This 2012 video is called Miocene.
From the Asociación RUVID in Spain:
New 16 million-year-old insectivore species discovered
March 14, 2018
Palaeontologists Vicente D. Crespo, Francisco Javier Ruiz Sánchez and Plini Montoya, from the department of Botanics and Geology of the Universitat de València, and Marc Furió, from the Institut Català de Paleontologia, have discovered a new fossilised species of insectivore belonging to the unusual and extinct Plesiodimylus family. The identification of this group, related to the fauna that lived in Central Europe during the Miocene (16 million years ago), is based on the study of isolated teeth found in l’Alcora (Castellón), in the district of Araya.
This new species of insectivore, found in the palaeontological site Mas d’Antolino B, has been unveiled in the Historical Biology journal and has the scientific denomination Plesiodimylus ilercavonicus, in reference to the Iberian Ilercavones people, who inhabited part of what are the provinces of Castellón and Tarrragona today.
This family is defined by having teeth that protrude from the jaw, with thicker dental enamel than other mammals, as well as the presence of four molars (two in each jawbones, or one in each jawbone and then one more in each maxilla). These characteristics give them an unusual look — with overgrown teeth.
Furthermore, by studying the dentition of this species and specially with the type of wear suffered by the teeth’s enamel, one can surmise they would have fed mainly on gastropods, the most common group of mollusks, according to Crespo, Ruiz Sánchez and Montoya — also researchers for Valencia’s Natural History Museum -, and Marc Furió.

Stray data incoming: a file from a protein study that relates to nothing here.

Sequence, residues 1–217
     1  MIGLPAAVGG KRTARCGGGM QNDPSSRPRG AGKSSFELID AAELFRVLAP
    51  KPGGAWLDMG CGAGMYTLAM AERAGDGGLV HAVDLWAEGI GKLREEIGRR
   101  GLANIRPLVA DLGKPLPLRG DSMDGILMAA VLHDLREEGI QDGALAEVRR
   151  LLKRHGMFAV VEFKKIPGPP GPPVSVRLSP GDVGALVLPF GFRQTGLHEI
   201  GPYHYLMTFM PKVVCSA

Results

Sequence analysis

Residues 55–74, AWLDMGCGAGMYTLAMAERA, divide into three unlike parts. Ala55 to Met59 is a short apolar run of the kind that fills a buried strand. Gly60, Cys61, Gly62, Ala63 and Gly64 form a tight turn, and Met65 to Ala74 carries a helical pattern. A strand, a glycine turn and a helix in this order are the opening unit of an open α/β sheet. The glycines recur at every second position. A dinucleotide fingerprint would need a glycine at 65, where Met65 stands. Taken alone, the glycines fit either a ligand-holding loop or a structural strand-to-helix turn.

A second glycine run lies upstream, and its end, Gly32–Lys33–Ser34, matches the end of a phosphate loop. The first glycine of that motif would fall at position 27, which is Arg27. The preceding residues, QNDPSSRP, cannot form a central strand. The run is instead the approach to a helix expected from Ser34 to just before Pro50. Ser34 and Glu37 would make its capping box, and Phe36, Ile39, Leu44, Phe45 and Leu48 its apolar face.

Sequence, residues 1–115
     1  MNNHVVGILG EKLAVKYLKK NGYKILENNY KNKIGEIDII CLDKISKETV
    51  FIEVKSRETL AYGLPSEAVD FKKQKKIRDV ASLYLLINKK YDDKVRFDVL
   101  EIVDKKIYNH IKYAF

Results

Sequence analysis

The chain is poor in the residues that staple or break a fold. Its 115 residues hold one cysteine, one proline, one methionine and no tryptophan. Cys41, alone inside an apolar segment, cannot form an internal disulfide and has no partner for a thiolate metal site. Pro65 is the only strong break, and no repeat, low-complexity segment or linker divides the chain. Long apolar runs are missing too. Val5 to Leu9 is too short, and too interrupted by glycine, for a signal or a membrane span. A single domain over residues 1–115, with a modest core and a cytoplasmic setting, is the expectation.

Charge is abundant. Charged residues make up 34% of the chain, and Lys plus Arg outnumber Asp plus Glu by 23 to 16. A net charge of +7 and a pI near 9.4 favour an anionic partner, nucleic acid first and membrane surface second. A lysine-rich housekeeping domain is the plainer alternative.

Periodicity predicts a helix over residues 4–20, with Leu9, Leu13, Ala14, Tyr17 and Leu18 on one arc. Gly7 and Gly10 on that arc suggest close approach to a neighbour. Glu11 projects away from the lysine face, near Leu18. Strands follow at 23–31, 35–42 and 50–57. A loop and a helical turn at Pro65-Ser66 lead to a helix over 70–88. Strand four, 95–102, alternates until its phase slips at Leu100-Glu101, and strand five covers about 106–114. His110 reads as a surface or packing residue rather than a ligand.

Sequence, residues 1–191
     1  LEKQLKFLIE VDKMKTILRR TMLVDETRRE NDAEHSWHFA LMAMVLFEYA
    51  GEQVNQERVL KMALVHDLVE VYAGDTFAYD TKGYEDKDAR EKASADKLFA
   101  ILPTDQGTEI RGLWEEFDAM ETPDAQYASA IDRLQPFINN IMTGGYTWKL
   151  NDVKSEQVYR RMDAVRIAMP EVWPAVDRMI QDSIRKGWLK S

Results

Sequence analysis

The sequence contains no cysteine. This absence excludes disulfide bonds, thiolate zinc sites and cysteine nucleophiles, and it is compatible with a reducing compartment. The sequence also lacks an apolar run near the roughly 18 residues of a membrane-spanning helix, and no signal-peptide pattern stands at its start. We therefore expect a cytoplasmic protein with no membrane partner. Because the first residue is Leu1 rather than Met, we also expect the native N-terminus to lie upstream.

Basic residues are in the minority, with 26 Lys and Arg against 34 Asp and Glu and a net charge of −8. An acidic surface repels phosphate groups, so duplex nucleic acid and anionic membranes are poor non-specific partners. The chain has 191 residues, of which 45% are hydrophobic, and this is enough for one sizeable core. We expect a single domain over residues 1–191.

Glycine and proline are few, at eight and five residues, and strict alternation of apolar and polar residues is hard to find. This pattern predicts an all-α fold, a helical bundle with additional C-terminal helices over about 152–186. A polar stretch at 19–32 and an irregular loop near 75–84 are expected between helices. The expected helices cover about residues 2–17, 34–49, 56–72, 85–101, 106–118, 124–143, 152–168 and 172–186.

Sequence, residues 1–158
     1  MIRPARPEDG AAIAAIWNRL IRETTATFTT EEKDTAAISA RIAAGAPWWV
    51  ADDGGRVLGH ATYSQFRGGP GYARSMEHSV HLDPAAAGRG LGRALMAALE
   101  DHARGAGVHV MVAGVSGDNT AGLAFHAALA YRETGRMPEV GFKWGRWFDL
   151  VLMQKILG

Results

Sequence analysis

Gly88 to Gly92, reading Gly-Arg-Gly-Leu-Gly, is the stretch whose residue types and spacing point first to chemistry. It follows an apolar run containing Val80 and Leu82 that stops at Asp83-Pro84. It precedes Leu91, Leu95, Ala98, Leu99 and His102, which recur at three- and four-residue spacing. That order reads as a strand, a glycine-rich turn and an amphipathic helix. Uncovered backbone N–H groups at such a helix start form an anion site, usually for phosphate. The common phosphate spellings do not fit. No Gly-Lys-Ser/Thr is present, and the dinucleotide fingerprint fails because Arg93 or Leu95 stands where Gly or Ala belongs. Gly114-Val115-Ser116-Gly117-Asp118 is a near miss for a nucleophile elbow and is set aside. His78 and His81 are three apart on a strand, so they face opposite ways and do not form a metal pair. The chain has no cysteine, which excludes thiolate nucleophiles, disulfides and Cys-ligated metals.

Until now, the finding of material from this animal group in Araya is the only one of its kind in the Iberian Peninsula, joining findings of other species from Central Europe such as some types of hamsters and other rodents, bats and insectivores, which reveal a phase of faunistic exchange between Iberia and Central Europe in the Lower Miocene.
In order to obtain the fossilised remains of these small mammals, a strenuous process to clean and sieve through tones of sediment was undertaken, as well as the examination of the residue obtained through this process. The studying of the specimens was performed with various techniques, including some derived from the use of electronic microscopy devices. The results of the study were unveiled at the 15th Annual Meeting of the European Association of Vertebrate Palaeontologists, held in Munich (Germany) during the summer of 2017.
In the Mas d’Antolino B palaeontological site, available since 2008, fossils of other species of shrews, squirrels, hamsters, dormice, bats or crocodiles have been unearthed, among others. These faunas, in a context of an environment similar to the current day rainforests, date back to the Aragonian age of mammals, also within the Miocene period. In this era there was a rainforest where Araya is currently located, with meadows, which would have been located near a great lake which reached most of today’s l’Alcora, Ribesalbes and Fanzara villages.